Hora Dance Steps Option #1

Dancers form concentric circles and hold hands by placing their right palms up and left palm downs. The steps for this hora go as follows:

  • Step to the side with the left foot.
  • Right foot crosses behind the left.
  • Step to the side with the left foot again.
  • Hop on your left foot.
  • Kick with your right foot.
  • Step and hop with the right foot.
  • Kick with the left.
  • Repeat!

Hora Dance Steps Option #2

As above, dancers stand in concentric circles and hold hands by placing their right palms up and left palm downs. Here's another option for a "grapevine-style" hora dance.

  • Step to the left and cross the right foot in front of the left.
  • Step to the left again, and cross the right foot behind the left.
  • Step to the left once more, kick with the right left.
  • Step to the right and kick with the left leg.

Throughout the hora, certain guests may be brought to the center of the circle to dance with the couple and their immediate families. Guests may link arms and swing each other around inside the circles. Groups of women may make smaller circles and perform special dances, and groups of men may drape their arms over each other's shoulders and dance in circles or lines.

Are There Traditional Songs That Are Played During the Hora?

The most popular songs that are played during the hora dance, are "Hava Nagila" (meaning "let's rejoice") and "Siman Tov U'Mazal Tov" (meaning "a good sign and good luck will come to us"). Many bands or DJs who are familiar with Jewish weddings have created a medley of hora music, which usually includes the above two Jewish wedding songs, along with other Hebrew songs or Yiddish klezmer music.

"Couples can certainly choose the music that is played during the hora, but you want versions of songs that are upbeat and happy," says Rabbi Cherney. "Make sure that you check which tune or tunes your band or DJ will play before the wedding. Some musicians aren't familiar with the custom and may need some further guidance to make sure it is an uplifting part of the evening."

What Is the Significance of Lifting the Couple Up on Chairs During the Hora?

As the dance progresses, chairs will be brought to the middle of the hora circles and the newlyweds will be encouraged to sit down. Then, guests hoist the chairs up, practically tossing the married couple into the air. This is a particularly fun Jewish wedding tradition that makes for some great photos, but there is a deeper meaning behind it.

"The couple is thought to be spiritually elevated on the day of their wedding," says Rabbi Cherney. "This is symbolized by lifting them up closer to God or physically elevating them, just as they are internally being elevated and blessed spiritually."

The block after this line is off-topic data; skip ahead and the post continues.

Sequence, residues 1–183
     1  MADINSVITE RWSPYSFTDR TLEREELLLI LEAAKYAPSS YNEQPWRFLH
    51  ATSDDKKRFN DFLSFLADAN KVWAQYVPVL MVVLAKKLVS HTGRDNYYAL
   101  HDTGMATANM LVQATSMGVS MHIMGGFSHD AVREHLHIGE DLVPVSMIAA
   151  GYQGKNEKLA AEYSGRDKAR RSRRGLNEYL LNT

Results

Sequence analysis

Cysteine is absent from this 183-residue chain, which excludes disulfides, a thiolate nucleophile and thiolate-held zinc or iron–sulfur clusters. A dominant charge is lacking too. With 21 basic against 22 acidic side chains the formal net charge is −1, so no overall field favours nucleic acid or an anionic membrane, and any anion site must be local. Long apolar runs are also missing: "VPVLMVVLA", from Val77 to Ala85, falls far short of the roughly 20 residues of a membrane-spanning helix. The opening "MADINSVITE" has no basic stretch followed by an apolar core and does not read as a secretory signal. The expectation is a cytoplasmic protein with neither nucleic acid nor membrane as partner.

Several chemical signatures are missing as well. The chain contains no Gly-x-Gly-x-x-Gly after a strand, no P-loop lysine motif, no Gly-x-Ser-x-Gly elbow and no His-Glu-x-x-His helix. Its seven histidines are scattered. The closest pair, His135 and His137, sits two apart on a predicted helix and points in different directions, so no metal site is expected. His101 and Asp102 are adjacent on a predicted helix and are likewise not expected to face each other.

One important tip for this tradition: "The chairs should be sturdy wooden chairs with arms—no folding chairs!" says Rabbi Cherney.

Who Is Typically Included in This Tradition?

According to Rabbi Cherney, "the couple themselves are lifted up as well as their parents, and any other immediate family members that are present."

There are no rules about who does the lifting—any strong guests are encouraged to participate and help lift the couple up during this portion of the hora.

Why Do Couples Hold a Napkin While They are Lifted on Chairs?

As the newlyweds are lifted up on the chairs, you might see them holding a napkin between them—each holding a side of the cloth. Wondering the meaning behind this tradition? Turns out the napkin serves as a way for the couple to connect without actually touching each other.

Rabbi Cherney explains: "In religiously observant Jewish communities, men and women have not touched prior to the wedding. While this is very different in religiously liberal Jewish communities, the tradition of connecting through the napkin continues on. The couple are connected even though they are not physically touching. Interestingly enough waving a napkin at a wedding is also a symbol of joy and cheer amongst those who are hard of hearing, instead of clinking glasses!"

How Long Is a Typical Hora Dance?

The length of the hora dance really depends on your community's traditions and your own desires for your reception. According to Rabbi Cherney, "for some families the hora may be just one celebratory song and for other families the hora may last an hour! The time difference may vary based on how well versed the community is in the tradition, as well as the musicians ability to build the energy."

Make sure to discuss your hora with your band or DJ before the big day so you can choose the playlist and the length of time it will take. A music pro who has experience at Jewish weddings will know to ask you about your desired hora length, but if not, don't forget to bring it up.